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The weekly briefing, 28 October 2013

The weekly briefing, 28 October 2013

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Published by Open Briefing
Political and security risk update from Open Briefing (United Kingdom, 28 October 2013).
Political and security risk update from Open Briefing (United Kingdom, 28 October 2013).

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Published by: Open Briefing on Oct 28, 2013
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Open Briefing |
The weekly briefing
| 28 October 2013
 Political and security risk update
Ethiopian troops arrive in south of Somalia for mediation talks between thefederal government and a Sufi paramilitary group.
Wave of violent demonstrations in Brazil amid sustained populardiscontent.
Asia and Pacific:
Shinzo Abe approves plan to allow the Japan Air Self-DefenceForce to engage drones violating Japanese airspace.
Germany and France to renegotiate intelligence cooperation with theUnited States following revelations of widespread US eavesdropping on Europeanleaders.
Middle East:
NGO reports renew concerns over US drone strike programmes inPakistan, Yemen and elsewhere.
Polar regions:
Russian prosecutors to drop piracy charges levelled againstGreenpeace activists in the Arctic 30 case but will seek hooliganism convictions.
Ethiopian troops arrive in south of Somalia for mediation talks between thefederal government and a Sufi paramilitary group
On 26 October, Ethiopian troops arrived in the south of Somalia to help resolvelong-running grudges between the federal Somali government troops and AhluSunna Waljama'a, a Sufi militia opposed to al-Shabaab. Looming threats of instabilityhad manifested on the previous day in clashes between the two forces, in whichthree people were killed. Ethiopian troops requested both sides to come to thenegotiating table over the matter. It was reported that Ethiopian soldiers set uptemporary positions in the outskirts of the Gedo regional town of Beled Hawo.This latest development signifies the greater involvement of Ethiopia in Somalia’sdomestic affairs. Ethiopian troops intervened in south Somalia in late 2006 butwithdrew in early 2009. Since then, Ethiopian troops have been actively involved insouthern Somalia’s troubled regions of Gedo, Bakool and Bay in support of theSomali federal government’s security operations.The further involvement of Ethiopian troops in Somalia is likely to provoke militantgroups such as al-Shabaab, who have repeatedly stressed their objection to Kenyanand Ethiopian intervention in their internal affairs. This objection has manifested innumerous border clashes between the two sides, and more recently, a failed bombattack in which two Somali men were killed in Addis Ababa.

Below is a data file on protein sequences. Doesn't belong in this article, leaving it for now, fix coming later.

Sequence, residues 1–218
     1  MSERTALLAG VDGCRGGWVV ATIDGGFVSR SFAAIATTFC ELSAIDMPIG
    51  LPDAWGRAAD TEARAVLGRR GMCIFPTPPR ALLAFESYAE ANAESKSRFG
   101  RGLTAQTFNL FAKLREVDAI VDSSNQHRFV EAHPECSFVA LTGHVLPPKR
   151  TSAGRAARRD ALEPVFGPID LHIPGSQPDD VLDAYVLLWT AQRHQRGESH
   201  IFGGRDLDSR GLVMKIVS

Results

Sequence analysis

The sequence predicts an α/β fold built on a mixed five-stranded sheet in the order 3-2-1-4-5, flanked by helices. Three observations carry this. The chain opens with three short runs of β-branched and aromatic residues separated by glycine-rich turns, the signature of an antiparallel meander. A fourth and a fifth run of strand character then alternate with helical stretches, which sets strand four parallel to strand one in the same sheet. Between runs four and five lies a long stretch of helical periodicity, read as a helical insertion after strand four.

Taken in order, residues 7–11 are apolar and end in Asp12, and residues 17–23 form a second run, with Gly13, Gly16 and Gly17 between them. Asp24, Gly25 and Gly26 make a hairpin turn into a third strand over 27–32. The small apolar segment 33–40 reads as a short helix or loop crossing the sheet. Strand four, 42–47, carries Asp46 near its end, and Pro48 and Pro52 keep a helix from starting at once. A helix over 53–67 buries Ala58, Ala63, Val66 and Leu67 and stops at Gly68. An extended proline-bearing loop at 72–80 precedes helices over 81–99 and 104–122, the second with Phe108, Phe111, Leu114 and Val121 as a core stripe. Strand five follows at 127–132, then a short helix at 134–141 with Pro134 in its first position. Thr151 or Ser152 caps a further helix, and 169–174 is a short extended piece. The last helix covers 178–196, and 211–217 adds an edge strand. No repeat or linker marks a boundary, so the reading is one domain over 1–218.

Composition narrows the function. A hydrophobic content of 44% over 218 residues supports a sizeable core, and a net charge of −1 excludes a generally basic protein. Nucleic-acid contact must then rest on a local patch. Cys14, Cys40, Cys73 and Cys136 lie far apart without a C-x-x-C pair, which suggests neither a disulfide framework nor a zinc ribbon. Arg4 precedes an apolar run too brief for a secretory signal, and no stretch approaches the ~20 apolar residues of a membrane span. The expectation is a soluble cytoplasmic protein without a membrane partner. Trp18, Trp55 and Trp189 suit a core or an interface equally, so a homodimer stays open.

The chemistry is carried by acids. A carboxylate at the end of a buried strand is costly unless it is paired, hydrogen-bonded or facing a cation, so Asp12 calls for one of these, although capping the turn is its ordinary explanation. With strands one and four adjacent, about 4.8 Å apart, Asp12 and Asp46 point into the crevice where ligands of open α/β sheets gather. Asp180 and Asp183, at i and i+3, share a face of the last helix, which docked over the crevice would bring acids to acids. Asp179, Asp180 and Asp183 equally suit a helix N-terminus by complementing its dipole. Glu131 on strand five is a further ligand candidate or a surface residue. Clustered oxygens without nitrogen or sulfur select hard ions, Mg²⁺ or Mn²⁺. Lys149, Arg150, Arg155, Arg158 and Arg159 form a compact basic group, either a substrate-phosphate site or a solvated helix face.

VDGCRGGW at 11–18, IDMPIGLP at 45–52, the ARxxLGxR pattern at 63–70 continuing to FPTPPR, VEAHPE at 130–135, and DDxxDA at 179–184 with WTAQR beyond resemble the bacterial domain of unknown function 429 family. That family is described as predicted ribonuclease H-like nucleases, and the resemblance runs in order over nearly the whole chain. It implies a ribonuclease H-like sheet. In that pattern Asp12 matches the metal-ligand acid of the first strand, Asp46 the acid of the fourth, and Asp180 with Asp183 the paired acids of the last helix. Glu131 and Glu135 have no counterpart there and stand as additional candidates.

Open Briefing |
Other developmentsOn 24 October, Ethiopian troops reinforced Somali government troops in a battle against al-Shabaabmilitants in the Bay region of southern Somalia.
The fighting began when Somali government troopsengaged al-Shabaab militants after they had set up an illegal roadblock in the Ufurow district. Accordingto reports, approximately 10 troops from both sides were killed and the al-Shabaab fighters fled the areawhen Ethiopian troops arrived. The federal Somali government has been attempting to reassert controlover the southern regions and has been successful in removing al-Shabaab militants from numerousstrategic border towns.
Approximately four civilians were killed and 14 others wounded in a grenade attack that targetedSomali federal government soldiers in the Lower Shabelle region of south Somalia.
Unidentifiedassailants launched the attack in a busy market. Soldiers responded with gunfire, which according to somereports killed and wounded nearby civilians. Such attacks have been commonplace since Somali troopsbacked by African Union Mission in Somalia (AMISOM) troops successfully drove al-Shabaab militants fromthe region.
On 20 October, a delegation headed by the United Nations Special Representative to Somalia,Nicholas Kay, arrived in Puntland for reconciliation and security talks